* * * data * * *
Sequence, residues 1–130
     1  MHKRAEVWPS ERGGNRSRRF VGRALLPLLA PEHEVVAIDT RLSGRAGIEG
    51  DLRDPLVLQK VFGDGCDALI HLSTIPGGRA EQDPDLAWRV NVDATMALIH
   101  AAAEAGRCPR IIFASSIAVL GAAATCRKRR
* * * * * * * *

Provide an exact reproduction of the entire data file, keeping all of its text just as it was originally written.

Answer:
Sequence, residues 1–130
     1  MHKRAEVWPS ERGGNRSRRF VGRALLPLLA PEHEVVAIDT RLSGRAGIEG
    51  DLRDPLVLQK VFGDGCDALI HLSTIPGGRA EQDPDLAWRV NVDATMALIH
   101  AAAEAGRCPR IIFASSIAVL GAAATCRKRR